The latest employment report disappointed, below even the lowest economist’s estimate. The US added a total of 235,000 jobs during August versus a median expectation of 733,000, with restaurants being the weakest part of the report, shedding 43,000 jobs. A weaker report was not a total surprise given the surge in the Delta variant of COVID19. On the bright side, the past three months were revised upwards by 277,00 jobs. The unemployment rate fell from last month to 5.2%. Adjusted for the current participation rate of 61.7%, a more comprehensive measure of unemployment is closer to 10%. The economy has much ground to make up before the Federal Reserve can announce mission accomplished.

Supply chain issues continue to gum up global trade. Ford, GM, and Toyota have all reduced the production of vehicles until semiconductor production catches up with the current stock of unsold cars. Retail sales were off during the month across a wide swath of products, with many retail outlets complaining of a lack of products to sell. A record number of container ships sit off the coast of California waiting to be offloaded, citing a shortage of trucks and drivers to unload the cargo. These issues will get resolved with the 2nd quarter of next year being our best estimate. The challenge will be if consumer demand holding steady until that happens.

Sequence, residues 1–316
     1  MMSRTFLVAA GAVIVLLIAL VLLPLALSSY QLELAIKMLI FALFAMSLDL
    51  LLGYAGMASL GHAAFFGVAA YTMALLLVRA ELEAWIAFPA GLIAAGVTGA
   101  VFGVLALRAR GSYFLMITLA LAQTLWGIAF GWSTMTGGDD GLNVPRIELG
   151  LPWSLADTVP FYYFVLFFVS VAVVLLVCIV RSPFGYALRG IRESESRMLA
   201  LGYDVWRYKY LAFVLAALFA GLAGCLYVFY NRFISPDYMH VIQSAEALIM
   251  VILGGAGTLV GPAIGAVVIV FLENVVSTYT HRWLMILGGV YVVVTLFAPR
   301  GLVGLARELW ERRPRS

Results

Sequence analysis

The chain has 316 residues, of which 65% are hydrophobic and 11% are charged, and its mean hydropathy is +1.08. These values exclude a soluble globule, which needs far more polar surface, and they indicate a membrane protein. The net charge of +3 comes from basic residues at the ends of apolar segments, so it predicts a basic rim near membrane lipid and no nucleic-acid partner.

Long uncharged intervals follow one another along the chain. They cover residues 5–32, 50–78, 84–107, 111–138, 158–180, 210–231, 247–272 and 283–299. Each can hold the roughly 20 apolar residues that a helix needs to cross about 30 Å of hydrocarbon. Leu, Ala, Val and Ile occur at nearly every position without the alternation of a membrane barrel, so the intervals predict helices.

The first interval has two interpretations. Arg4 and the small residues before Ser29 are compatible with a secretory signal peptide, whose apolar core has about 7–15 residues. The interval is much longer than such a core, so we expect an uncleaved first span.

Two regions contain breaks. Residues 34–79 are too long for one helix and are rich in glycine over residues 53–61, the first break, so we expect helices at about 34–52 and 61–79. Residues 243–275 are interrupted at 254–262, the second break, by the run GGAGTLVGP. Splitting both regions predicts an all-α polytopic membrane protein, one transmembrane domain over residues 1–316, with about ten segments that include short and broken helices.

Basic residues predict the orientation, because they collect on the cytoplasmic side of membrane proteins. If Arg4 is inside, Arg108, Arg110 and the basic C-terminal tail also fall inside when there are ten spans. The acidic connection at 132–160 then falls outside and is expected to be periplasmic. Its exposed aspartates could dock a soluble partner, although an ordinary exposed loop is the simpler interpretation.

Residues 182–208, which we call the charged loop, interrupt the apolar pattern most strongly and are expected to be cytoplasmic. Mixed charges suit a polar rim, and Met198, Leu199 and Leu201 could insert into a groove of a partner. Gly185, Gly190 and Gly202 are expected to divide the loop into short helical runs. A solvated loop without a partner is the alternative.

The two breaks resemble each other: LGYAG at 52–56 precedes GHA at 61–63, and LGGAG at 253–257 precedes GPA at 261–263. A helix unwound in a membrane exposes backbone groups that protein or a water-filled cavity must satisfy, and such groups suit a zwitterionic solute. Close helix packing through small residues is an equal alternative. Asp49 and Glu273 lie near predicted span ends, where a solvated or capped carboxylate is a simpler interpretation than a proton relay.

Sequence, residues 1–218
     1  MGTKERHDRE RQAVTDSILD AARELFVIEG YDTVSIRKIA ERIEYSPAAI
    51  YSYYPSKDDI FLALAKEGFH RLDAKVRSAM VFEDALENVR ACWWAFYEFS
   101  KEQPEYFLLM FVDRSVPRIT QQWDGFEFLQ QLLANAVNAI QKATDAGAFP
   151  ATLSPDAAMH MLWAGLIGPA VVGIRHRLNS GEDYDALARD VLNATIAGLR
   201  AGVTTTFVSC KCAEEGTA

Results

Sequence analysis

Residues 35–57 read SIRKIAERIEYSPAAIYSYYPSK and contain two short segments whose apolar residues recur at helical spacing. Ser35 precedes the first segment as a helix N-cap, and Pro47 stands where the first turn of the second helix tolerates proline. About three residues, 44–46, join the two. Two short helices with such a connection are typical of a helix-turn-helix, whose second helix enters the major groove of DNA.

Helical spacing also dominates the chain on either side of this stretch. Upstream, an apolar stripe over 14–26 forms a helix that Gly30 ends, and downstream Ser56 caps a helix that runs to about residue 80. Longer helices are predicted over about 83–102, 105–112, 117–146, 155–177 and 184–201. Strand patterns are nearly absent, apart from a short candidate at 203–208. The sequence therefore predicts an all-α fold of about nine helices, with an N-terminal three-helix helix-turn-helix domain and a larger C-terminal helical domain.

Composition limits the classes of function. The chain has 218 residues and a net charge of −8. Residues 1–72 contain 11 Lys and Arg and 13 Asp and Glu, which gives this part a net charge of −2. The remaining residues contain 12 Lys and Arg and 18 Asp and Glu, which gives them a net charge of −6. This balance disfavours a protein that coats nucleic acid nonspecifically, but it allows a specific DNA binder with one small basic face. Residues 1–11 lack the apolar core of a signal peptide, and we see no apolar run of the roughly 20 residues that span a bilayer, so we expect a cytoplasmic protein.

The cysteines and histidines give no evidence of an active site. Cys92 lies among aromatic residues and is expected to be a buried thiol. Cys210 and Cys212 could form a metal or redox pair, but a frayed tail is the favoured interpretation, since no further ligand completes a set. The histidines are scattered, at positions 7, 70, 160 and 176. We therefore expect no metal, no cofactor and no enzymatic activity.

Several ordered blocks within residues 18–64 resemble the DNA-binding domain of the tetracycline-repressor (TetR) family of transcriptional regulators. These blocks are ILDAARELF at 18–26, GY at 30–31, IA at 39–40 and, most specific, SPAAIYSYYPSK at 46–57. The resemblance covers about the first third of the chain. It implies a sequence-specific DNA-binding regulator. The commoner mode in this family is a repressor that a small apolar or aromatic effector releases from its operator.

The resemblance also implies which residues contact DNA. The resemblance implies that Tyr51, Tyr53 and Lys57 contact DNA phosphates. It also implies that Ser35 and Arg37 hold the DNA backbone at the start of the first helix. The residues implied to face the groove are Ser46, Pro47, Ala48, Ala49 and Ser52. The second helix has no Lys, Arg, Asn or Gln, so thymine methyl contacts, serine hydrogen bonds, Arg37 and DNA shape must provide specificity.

The inflation picture remained broadly consistent with last month’s view. Consumer inflation abated somewhat while producer prices increased at a faster pace. The Federal Reserve telegraphed that price levels had risen enough for them to begin tapering asset purchases in the coming months. We guess that the latest employment report and the surge in virus cases will push any eventual tapering timeline back at least by a month.  Ultimately it will be a healthy sign if they can remove some of the life support from the economy in the coming quarters.

Bottom Line: August brought a disappointing employment report on the back of surging virus cases. We see this as a speed bump in the recovery and not a sign that it has been derailed. With job openings remaining at record high levels, there is little reason to see why the unemployment rate will not continue to fall. Supply chain issues are improving, but there is much more needed to restore pre-pandemic levels of inventory. The Federal Reserve remains supportive and will continue to bridge the gap until we reach full employment.